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  5. "אתן נשים טובות, לא רעות!"

"אתן נשים טובות, לא רעות!"

Translation:You are good women, not bad!

June 22, 2016



While a grammatically correct sentence I would not suggest anyone actually use this in conversation... the patronizing tone is pretty extreme.


In Hebrew the adjective always goes after the noun. However, in English: You are good women and You, women, are good is NOT the same thing. SO I would say: אתן נשים טובות, לא רעות - you are good women, not bad. However, when I speak to friends informally. I can say: you girls (rather than women) are good! This would have been in Hebrew:נשׂים (בנות). אתן בסדר or even better, you girls are 100% (an idiom for saying somebody is very good): נשׂים (בנות). אתן מאה אחוז The problem is that you cannot translate things literally from one language to another. So in Israel, you would have said: you girls are 100%.


How would one say, "You women are good" as opposed to "You are good women"? I wrote the former and it was incorrect.


One would surround the נשים with commas, ie.

אתן, נשים, טובות...


I wrote the same thing, "You women are good, not bad!" But the rules state that the adjective follows the noun so I guess "You are good women" is proper.


you women are good = אתן טובות


Aten nashim tovot, lo raot.


i translated it as "ladies" instead of "women" and it said i as wrong. is that a separate word?


Not really.

Maybe גברות is more accurate, but it's not in use anymore


It's not the usual translation, but I don't think it's totally wrong. Try reporting it.


How rite, really rite!


What's wrong with translating the second half into "not evil"?


Evil is usually associated with "מרושע/ת". Perhaps not technically wrong, but translation is a delicate trade, I would keep off those edges.


But in another sentence/ exercise (I don't know how to call it), the translation for רעה is "evil", so when I translated by "mean", it was counted wrong. The strangest part is that it accepted this translation ("mean") for another sentence... So, yes, sure, translation is all about context, but with sentences like those suggested, the "context" is very limited


How do you pronounce טובות? I hear "tovot" And רעות? Is it "arot"?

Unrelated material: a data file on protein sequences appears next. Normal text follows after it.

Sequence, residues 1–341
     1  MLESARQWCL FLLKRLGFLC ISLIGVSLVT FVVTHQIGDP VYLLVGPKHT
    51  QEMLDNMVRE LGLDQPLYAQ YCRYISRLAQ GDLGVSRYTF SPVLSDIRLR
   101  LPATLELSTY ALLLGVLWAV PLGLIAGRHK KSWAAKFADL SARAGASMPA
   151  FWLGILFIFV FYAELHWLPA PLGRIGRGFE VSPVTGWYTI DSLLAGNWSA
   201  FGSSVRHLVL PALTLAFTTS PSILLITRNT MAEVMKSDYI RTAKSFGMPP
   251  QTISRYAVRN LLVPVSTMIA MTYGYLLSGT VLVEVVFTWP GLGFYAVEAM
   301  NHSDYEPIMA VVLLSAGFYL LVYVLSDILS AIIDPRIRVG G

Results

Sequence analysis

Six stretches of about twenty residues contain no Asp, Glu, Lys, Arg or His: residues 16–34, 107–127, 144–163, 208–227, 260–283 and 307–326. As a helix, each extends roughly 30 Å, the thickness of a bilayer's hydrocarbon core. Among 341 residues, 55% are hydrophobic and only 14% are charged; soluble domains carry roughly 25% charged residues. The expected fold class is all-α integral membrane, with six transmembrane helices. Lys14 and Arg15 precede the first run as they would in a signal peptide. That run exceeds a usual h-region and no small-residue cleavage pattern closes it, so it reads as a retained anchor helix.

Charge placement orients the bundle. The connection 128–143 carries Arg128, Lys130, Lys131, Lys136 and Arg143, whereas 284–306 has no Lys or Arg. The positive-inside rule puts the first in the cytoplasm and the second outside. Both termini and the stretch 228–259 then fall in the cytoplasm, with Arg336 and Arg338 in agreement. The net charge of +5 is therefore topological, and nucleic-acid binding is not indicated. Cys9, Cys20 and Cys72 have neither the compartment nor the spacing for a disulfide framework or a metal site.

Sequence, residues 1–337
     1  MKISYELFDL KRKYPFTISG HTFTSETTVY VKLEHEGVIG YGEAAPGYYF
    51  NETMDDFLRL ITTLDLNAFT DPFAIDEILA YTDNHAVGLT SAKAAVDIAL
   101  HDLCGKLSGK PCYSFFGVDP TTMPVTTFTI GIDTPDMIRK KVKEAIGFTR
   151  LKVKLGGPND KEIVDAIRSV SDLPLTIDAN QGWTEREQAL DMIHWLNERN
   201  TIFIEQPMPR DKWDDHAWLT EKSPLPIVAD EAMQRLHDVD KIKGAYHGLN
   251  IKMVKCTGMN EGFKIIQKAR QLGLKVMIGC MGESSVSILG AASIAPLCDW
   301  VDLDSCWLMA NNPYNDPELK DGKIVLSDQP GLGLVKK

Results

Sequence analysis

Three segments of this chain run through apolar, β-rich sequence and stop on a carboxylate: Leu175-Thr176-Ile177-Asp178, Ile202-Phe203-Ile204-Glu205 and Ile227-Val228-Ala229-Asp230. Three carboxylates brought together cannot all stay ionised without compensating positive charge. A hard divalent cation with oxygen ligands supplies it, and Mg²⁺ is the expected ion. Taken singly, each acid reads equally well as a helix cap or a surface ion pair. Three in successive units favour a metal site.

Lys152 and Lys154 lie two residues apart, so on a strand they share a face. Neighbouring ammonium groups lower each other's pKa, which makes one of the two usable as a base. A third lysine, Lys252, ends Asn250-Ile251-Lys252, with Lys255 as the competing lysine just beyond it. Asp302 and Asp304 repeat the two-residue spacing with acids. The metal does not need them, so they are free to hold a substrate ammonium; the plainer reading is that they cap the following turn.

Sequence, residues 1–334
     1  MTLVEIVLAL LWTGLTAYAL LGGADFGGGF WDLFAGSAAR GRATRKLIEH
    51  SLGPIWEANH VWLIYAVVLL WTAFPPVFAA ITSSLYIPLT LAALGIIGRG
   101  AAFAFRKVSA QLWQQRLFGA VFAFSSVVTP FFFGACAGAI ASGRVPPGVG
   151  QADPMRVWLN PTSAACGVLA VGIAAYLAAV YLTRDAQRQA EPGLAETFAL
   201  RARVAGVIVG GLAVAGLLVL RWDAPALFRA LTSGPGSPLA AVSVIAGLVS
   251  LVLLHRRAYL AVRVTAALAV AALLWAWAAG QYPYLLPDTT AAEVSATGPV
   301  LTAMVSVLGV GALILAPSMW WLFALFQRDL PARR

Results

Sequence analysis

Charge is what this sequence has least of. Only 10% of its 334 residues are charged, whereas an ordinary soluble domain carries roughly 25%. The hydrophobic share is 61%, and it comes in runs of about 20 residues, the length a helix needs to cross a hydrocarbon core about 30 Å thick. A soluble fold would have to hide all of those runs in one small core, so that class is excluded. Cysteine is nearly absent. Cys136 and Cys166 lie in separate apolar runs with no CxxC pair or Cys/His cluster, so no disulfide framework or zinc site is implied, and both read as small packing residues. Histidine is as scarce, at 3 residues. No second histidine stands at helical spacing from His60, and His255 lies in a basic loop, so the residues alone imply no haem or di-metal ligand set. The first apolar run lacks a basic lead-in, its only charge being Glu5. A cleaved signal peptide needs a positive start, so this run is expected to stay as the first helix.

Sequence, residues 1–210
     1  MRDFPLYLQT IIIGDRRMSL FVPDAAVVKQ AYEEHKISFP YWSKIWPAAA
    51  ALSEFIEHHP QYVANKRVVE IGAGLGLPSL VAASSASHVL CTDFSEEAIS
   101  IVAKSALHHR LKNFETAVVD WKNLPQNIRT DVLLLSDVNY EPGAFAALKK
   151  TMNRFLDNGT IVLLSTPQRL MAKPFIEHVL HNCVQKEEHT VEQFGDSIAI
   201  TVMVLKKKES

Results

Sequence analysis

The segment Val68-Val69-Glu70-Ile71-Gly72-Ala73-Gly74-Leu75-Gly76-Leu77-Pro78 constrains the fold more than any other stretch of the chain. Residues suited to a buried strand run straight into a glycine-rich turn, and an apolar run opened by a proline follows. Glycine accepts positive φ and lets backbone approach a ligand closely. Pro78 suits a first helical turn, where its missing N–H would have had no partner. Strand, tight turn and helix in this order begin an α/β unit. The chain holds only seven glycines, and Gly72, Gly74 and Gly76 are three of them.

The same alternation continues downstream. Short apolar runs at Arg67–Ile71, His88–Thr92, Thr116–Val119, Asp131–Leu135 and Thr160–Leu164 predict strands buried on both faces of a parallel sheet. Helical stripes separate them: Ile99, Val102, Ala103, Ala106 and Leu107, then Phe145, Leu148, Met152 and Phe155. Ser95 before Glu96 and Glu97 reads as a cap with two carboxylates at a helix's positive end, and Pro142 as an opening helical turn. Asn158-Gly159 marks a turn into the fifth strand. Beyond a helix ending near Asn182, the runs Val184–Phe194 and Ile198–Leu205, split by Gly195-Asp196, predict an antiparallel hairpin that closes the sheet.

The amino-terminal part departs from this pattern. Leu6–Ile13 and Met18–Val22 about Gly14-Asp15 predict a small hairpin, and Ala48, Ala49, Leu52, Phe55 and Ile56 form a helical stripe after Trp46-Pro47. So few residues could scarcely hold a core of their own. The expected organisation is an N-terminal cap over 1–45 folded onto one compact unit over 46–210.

For exercises in pronounciation see the exercises of "memrise" in a browser or as app. Find the course there with the titel "Hebrew Duolingo".


Indded, טובות /tovot/, but רעות /ra'ot/.


Is he pronouncing the ayin here?


Not really, Almost no Hebrew speaker does anymore.


I think the English translation should be “… not bad ONES”, because רעות is feminine and therefore clearly refers to the word women. “Not bad” could be mistaken for an interjection, which is not what the Hebrew implies.


I’d like to ask a native speaker if “lo raot!” could mean “not bad!” as in “that’s pretty good!”

How about “Lo ra!”? לא רע!


I'm not native, but I've definitely heard "lo ra" used to mean "not bad" before, as in "this movie isn't bad" הסרט הזה לא רע.

What I've heard more often is "lo nora" לא נורא -- not terrible.

באמת הסרט הזה לא היה נורא-be'emET haSERet haZEH lo haYAH norAH Actually that movie wasn't terrible (it's pretty good!)

Maybe a native speaker could help us out here :)


Confirming Theresa: לא רע is very common to express a positive opinion. Depending on tone and context it can vary from slightly positive to very positive (and so is prone to cause misunderstanding and offenses, say between close couples...).

Now, לא נורא is also very common, but won't work as in your example: it expresses a negative opinion, only not as negative as one might have expected.


What kind of women are נשים רעות?


"Women" = נשים, not נאים which means pleasant.

I don't think this is a phrase you want to go around using, it's just contrasting good with bad and making you practise the famine plural form of those adjectives.


I corrected the word, I didn't have noticed about.


In Spanish "mujeres malas" נאים רעות in general are women that sell sex. Bus drivers says¨(traslated) Good women go to heaven, bad women go everywhere, so they prefer bad women.


It just let me answer this without "women".


Doesn't רעות mean see?


רואות see plural feminine form


No you're thinking of רואה.


That's right. Are they homographs?


I feel like רעות and רואות are pronounced the same way?


Shouldn't be. רעות = /ra'ot/, רואות = /ro'ot/.

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